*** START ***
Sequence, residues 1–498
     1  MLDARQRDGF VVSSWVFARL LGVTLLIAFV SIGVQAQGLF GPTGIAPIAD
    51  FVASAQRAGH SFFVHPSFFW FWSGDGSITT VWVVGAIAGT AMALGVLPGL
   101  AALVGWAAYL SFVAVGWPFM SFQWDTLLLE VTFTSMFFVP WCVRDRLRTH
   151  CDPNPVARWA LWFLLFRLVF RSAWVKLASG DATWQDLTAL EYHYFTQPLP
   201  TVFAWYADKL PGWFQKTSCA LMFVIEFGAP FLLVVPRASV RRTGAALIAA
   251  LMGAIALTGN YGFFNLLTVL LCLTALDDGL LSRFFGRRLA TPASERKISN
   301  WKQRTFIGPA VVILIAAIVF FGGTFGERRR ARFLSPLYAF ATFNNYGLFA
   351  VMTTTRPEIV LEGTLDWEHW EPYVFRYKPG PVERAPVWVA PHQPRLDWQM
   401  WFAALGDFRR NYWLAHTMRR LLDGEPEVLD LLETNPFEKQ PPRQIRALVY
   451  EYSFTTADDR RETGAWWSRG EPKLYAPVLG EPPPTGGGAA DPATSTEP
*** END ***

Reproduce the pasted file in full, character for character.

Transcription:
Sequence, residues 1–498
     1  MLDARQRDGF VVSSWVFARL LGVTLLIAFV SIGVQAQGLF GPTGIAPIAD
    51  FVASAQRAGH SFFVHPSFFW FWSGDGSITT VWVVGAIAGT AMALGVLPGL
   101  AALVGWAAYL SFVAVGWPFM SFQWDTLLLE VTFTSMFFVP WCVRDRLRTH
   151  CDPNPVARWA LWFLLFRLVF RSAWVKLASG DATWQDLTAL EYHYFTQPLP
   201  TVFAWYADKL PGWFQKTSCA LMFVIEFGAP FLLVVPRASV RRTGAALIAA
   251  LMGAIALTGN YGFFNLLTVL LCLTALDDGL LSRFFGRRLA TPASERKISN
   301  WKQRTFIGPA VVILIAAIVF FGGTFGERRR ARFLSPLYAF ATFNNYGLFA
   351  VMTTTRPEIV LEGTLDWEHW EPYVFRYKPG PVERAPVWVA PHQPRLDWQM
   401  WFAALGDFRR NYWLAHTMRR LLDGEPEVLD LLETNPFEKQ PPRQIRALVY
   451  EYSFTTADDR RETGAWWSRG EPKLYAPVLG EPPPTGGGAA DPATSTEP